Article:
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    Input lag is the amount of time that passes between pressing a button and seeing the action on screen. It's the only thing that makes them not worth using for me. Regarding the PSX Retroarch emulator on a raspberry pi, for instance, I haven't been able to get input lags below 8 frames, which makes action games (at least for me) completely unplayable. This post has the full record of my measurements across a few emulators.

    https://www.reddit.com/r/RetroPie/comments/5g3561/help_with_input_delays/

    But this fellow has done a much more in depth and accurate testing of emulator input lag among different pieces of hardware, and he even speculates on from where exactly the lag is coming.

    https://retropie.org.uk/forum/topic/2019/an-input-lag-investigation/2

    Maybe his hypotheses can spark an idea for you?
     
    Last edited by Meteor7, Mar 31, 2017
  6. WeedZ

    WeedZ Possibly an enlightened being

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    Input lag would be dependent on the hardware. Running them on a pc would be fine, running them on a calculator would cause issues. You just need to optimize your hardware and lower any unnecessary rendering settings that would take up resources.
     
  7. Natorite
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    Natorite Newbie

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    That's interesting. Perhaps it's an issue of having most things on the same thread? I usually plan for my final design versions to have essentially have the emulation, display, and input handling in their own respective little worlds.
    I've seen most emulators on Github and other sources do something like "Fetch -> Decode -> Execute -> GetNewInput -> UpdateInput -> ClearDisplay -> DrawDisplay"
    Here's a diagram of how I would like to make my Gameboy emulator designed.
    With this design, the program flow will have three different asynchronous processes and will look something like this instead of that long process above, effectively keeping the input lag to <= 1ms, and display to 16ms (60fps). The input actually doing anything is dependent of whether or not the code is actually checking the inputs, which just relies on writing optimized code.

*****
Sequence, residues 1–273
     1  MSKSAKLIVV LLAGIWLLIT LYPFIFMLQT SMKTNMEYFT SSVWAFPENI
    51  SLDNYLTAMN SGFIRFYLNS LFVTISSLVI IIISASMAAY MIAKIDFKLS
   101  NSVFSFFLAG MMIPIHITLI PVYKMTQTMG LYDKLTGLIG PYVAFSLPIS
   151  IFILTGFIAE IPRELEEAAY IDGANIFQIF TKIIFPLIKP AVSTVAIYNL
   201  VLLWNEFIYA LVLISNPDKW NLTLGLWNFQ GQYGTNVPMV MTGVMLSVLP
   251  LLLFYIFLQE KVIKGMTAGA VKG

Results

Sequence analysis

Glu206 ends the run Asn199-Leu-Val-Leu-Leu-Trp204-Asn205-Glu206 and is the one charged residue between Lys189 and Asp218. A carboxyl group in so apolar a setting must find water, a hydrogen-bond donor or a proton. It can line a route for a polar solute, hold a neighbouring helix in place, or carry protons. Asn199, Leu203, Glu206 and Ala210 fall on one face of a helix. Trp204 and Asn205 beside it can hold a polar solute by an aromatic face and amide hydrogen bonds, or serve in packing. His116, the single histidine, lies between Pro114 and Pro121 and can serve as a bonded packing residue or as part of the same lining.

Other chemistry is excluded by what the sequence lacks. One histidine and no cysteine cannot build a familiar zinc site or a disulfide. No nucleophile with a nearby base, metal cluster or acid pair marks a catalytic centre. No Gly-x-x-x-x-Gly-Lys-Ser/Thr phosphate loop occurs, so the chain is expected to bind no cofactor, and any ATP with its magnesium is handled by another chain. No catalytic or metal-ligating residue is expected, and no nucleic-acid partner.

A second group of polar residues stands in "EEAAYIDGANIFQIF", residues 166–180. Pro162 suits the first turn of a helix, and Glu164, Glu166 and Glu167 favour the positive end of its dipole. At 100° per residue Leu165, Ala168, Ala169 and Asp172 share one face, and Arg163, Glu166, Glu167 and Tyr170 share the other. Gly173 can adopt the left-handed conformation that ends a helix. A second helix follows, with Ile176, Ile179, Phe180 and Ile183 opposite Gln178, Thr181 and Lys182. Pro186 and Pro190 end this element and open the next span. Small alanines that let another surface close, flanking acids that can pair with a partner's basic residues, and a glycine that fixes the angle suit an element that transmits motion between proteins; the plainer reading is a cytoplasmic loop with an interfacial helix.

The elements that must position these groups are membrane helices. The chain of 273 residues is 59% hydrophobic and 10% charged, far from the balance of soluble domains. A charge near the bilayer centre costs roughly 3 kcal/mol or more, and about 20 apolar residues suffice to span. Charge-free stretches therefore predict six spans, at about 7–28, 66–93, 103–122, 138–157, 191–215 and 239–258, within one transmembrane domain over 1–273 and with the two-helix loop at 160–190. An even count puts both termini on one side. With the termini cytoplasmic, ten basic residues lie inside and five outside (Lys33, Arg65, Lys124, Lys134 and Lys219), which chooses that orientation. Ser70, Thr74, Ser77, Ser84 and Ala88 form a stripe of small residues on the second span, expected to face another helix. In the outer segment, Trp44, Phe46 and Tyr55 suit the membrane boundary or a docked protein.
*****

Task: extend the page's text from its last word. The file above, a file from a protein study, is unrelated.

NOTE: There may be an issue with this design that I have not encountered yet, but it's the way that I would aim for to design it. I'm also bad at making diagrams, so sorry.
    • Execution:
    • If executing cached code, invoke the delegates until the next jump.
    • If running JIT algorithm, fetch the next opcode from the VM, translate/execute/repeat until next jump.
    • Input:
    • Compile byte (array?) of the input states and send them off to the VM to get written to memory.
    • Display:
    • Grab the data needed (sprites, vram, etc) and draw the next frame.

    [​IMG]
     
  8. Meteor7

    Meteor7 Guess where this thumb goes.

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    The other guy I linked to was testing on a Windows 10 gaming PC. Additionally, I optimized the settings in RetroPie when doing my tests.
     
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  9. Master Dimentio

    Master Dimentio The Pleaser Of Crowds

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    Making my perfect world.
    Welcome to GBAtemp! I'm Master Dimentio and I hope we see more of you now around here. :P
     
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  10. Natorite
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    Natorite Newbie

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    Thanks for the warm welcome! I'm currently out-of-state right now visiting with my parents since I'm on break. They don't have cable/internet at the moment, so I'm having to tether my phone over USB which doesn't really provide a reliable enough connection for my to be decently active. I'm flying back in a few days and should be back in my apartment soon, though!